I promised myself to do more plein air painting this summer and so last weekend I brought along my backpack full of pastels when I went walking in the woods with my dogs.
I really like going out into the Manistee National Forest. You can see deer and chipmunks, porcupines and ‘possums. There are tons of birds calling. Sometimes I whistle back to try to lure them in closer so I can identify them. I take pictures of everything that catches my eye. Bees buzzing on the roadside flowers, the way the sky angles down to crack open the tree line, a 2-track wiggling around a corner. It’s peaceful, relaxing, meditative. The perfect start to a weekend.
I drove to a nearby intersection in the woods just off south Walhalla Road, spritzed myself and the dogs liberally with bug spray (it’s never not deerfly season), and traipsed down the path. All too soon I heard the telltale whine of a small engine and quickly led the dogs to one side. We watched as a dirt bike zipped past us. “Haha, that was close,” I thought.
A bit later, I heard the sound of a dirt bike again. We stepped off the two-track but this time there were two bikes instead of one. I couldn’t tell whether or not either was the same person as before but I decided that probably the first one had met up with the second one and they were out exploring the woods together. Kind of sweet, really. One of them even waved at us.
Within ten minutes they were back, going the other way, only now there were three of them! Hmm. It was getting kind of busy out in the woods. I considered going back the car and calling off my plein air practice day. Were dirt bike riders more aggressive in groups?
I kept on, though, determined to get a painting day in. A couple more times I thought there were bikers coming but it turned out to be just the echoes of their engines as they criss-crossed the trails all around us. We waited in the tall grass, listening to what sounded like a veritable hornets’ nest fading away in the distance.
Eventually, I found a spot to set up. It was beautiful, the morning sun dappling the ground, kissing the ferns and foliage all around. A perfect place to paint.
I tied up the dogs far enough off the path to keep them out of harm’s way and unpacked my kit. Where to start? I picked a scene with sun coming through the trees and lighting up the forest floor and began to do a black and white thumbnail sketch. Then I taped a piece of paper to my foam board and began blocking in my painting.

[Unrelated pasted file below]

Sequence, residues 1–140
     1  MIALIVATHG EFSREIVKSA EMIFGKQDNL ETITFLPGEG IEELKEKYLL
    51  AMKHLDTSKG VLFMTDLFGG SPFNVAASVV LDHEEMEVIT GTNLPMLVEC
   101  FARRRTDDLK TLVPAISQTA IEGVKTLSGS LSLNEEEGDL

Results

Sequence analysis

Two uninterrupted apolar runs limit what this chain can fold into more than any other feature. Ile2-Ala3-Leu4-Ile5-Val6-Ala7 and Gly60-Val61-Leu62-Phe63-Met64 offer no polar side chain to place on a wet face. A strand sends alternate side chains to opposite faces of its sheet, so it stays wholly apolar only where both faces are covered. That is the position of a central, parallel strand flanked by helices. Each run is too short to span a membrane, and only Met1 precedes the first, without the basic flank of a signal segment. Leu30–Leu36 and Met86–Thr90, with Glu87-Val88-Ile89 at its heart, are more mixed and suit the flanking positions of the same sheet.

Within ten minutes I heard the now all too familiar buzz of approaching bike engines. Skipping to one side, I counted riders as they zoomed past. One, three, seven, eight! Where were they all coming from? Was there a spawning ground around here?
Increasingly nervous, I quickly finished my first study, stopping and listening every few minutes, in case I needed to move off the path again. For the next study, I lost my meditative groove completely, went right past the preliminaries, and dove straight into the painting. Another group of riders whipped by, leaving clouds of dust and two-stroke exhaust in their wake.
I decided to pack up and get out during a lull. Should I try to make it to a main road and walk back to my car from there? Except it would add another mile or two to my hike and all I really wanted to do now was go home where it was quiet and have a cup of coffee. I shortened the leashes and we quick-marched back the way we’d come.
I saw three more sets of bikes before I got to the car, one with a go Pro camera on his/her helmet. I wonder if I’ll make the final cut?
In hindsight, I should have been painting dirt bikes all along, of course, since that’s what was the most plentiful thing out there, but it was my first time. I was nervous about drawing their attention, so to speak.
At least I managed to get a picture. Here’s Dirtus Bikus Plein Airus Interruptus out in the wilds of Fountain, Michigan. Ride on, you magnificent brute, ride on.
Oh, and here are the two studies I managed during my Saturday morning paint out. The art life is full of adventure, isn’t it? Who knew?
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